Knee Replacement: Cost, Procedure, and Recovery | PreferredMD
Orthopedic Surgery

Knee Replacement: Cost, Procedure, and Recovery

Procedure • By Biraj Patel

In a world where mobility is key to leading a fulfilling life, knee pain can be an immobilizing hindrance. Knee replacement surgery, also known as total knee replacement (TKR) or partial knee replacement (PKR), is a medical procedure aimed at restoring mobility, reducing pain, and improving the overall quality of life for individuals suffering from severe knee joint issues.

Why people opt for knee replacement

Knee replacement is chosen when alternative treatments, such as physical therapy or medication, prove ineffective in alleviating pain and improving mobility. Common conditions that may lead to knee replacement include osteoarthritis, rheumatoid arthritis, and injury-related joint damage.

Types of knee replacement

Total knee replacement (TKR)

In a TKR, the entire knee joint is replaced with a prosthetic implant, typically made of metal and plastic components. This procedure is performed when both the medial and lateral compartments of the knee are damaged.

Partial knee replacement (PKR) 

In a PKR, only a portion of the knee joint is replaced. This is a viable option when the damage is confined to a specific compartment, preserving healthy bone and tissue.

Alternatives to knee replacement

Before opting for knee replacement, it's worth exploring less invasive alternatives. These may include medication, physical therapy, lifestyle modifications, or injectable treatments. Consult with your orthopedic specialist to determine the most suitable option based on your unique situation.

Knee replacement surgery cost

The cost of knee replacement surgery can range from $20,000 to $60,000, depending on the hospital, surgeon's fees, and the type of implant used. It's essential to discuss the expected expenses with your healthcare provider and insurance to plan accordingly.

Knee replacement: How to prepare

The journey begins with a thorough consultation with an orthopedic surgeon. During this meeting, your surgeon will:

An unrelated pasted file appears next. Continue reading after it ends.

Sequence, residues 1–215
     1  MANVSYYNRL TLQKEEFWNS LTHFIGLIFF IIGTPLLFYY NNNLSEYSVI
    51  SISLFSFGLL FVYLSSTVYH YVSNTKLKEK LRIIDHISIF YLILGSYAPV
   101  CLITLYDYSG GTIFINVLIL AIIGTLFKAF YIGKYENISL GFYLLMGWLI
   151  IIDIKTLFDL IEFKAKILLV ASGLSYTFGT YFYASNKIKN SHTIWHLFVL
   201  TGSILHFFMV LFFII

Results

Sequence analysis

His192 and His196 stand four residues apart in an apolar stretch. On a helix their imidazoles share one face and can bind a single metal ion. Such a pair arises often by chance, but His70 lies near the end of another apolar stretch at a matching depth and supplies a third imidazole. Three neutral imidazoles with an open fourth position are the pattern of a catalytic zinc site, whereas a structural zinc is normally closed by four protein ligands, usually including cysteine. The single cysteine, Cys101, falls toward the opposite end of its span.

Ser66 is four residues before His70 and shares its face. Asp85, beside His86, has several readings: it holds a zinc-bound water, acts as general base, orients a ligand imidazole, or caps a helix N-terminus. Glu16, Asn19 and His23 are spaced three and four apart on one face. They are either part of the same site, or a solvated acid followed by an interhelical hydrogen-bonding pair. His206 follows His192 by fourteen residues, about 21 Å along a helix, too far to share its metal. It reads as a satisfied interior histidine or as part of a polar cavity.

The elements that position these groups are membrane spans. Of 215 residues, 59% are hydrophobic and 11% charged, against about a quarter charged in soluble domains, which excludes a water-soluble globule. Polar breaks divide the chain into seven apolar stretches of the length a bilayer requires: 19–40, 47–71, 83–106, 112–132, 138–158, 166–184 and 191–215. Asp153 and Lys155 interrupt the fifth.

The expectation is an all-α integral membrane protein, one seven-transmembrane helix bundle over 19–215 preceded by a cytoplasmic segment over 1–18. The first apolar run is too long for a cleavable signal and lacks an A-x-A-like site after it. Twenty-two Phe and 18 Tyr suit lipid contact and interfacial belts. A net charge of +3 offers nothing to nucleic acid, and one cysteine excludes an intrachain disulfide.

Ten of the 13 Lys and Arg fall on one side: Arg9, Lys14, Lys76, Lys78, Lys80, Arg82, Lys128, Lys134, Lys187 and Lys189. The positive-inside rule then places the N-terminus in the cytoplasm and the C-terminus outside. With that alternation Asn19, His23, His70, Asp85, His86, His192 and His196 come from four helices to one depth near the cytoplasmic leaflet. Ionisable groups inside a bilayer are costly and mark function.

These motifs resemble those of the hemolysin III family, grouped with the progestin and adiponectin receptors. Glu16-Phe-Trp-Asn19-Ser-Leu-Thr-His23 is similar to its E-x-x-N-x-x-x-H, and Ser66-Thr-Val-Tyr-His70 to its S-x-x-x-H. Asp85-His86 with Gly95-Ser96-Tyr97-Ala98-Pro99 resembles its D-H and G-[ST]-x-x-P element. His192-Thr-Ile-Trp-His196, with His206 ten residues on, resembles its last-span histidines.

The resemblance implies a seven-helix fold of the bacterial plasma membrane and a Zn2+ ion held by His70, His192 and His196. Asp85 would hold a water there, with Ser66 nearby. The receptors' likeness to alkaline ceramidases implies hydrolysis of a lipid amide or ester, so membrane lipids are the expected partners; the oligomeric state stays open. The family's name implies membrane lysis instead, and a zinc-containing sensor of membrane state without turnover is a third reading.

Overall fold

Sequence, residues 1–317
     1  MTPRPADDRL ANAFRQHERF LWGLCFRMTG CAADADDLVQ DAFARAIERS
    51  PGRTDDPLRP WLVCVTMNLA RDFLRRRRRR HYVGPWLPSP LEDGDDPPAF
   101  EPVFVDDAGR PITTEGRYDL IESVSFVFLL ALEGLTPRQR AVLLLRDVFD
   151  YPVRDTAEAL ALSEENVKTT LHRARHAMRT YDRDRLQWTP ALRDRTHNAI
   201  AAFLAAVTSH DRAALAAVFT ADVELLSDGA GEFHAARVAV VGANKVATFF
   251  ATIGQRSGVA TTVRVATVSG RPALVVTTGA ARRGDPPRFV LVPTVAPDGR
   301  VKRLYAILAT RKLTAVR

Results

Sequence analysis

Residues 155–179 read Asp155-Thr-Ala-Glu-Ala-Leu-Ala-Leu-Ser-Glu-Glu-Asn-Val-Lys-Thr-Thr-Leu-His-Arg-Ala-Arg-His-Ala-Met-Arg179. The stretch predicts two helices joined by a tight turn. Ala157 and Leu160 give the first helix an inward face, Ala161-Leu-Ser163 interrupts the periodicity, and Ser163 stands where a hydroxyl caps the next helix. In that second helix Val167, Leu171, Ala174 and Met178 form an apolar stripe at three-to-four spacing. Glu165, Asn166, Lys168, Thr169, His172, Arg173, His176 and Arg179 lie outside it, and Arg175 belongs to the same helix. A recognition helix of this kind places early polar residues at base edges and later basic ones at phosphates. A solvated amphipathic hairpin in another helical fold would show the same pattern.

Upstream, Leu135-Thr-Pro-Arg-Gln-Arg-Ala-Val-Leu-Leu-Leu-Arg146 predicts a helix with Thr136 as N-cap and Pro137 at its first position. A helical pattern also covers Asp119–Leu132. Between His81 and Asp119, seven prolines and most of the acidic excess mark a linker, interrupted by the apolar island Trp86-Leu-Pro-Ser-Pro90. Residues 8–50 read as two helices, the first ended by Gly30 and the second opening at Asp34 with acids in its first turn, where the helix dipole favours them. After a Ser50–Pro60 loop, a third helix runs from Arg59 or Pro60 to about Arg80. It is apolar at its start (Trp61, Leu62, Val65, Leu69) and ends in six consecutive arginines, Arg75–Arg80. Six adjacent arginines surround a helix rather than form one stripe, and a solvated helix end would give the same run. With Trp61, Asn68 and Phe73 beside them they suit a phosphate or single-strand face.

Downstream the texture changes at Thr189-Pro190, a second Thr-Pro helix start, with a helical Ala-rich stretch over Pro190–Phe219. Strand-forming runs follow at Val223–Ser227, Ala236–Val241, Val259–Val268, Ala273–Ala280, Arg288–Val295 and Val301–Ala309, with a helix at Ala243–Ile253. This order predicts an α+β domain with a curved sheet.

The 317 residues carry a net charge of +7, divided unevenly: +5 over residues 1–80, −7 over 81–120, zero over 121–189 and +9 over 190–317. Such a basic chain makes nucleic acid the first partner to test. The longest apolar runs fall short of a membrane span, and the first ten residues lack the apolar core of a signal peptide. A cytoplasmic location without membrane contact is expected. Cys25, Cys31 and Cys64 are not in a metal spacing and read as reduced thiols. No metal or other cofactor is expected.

• Review your medical history to ensure you are a suitable candidate for knee replacement.
  • Discuss your current symptoms, pain level, and how they impact your daily life.
  • Conduct a physical examination of your knee joint to assess its condition.
  • Answer any questions or concerns you may have about the procedure.

It's essential to be open and honest with your surgeon during this consultation, as this will help them tailor the surgery to your specific needs.

Medical evaluation and medication review

In the lead-up to your knee replacement, your surgeon may recommend various medical evaluations, like blood tests (to check for any underlying health conditions that might affect the surgery), imaging (X-rays and, in some cases, MRI scans to assess the extent of the damage to your knee joint), and cardiovascular evaluation (to ensure your safety during surgery).

Completing these evaluations helps your surgical team understand your overall health and tailor the procedure accordingly.

In the weeks leading up to your surgery, your surgeon will also review your current medications. Some medications, such as blood thinners, may need to be adjusted or temporarily discontinued to reduce the risk of bleeding during surgery. 

Preoperative optimization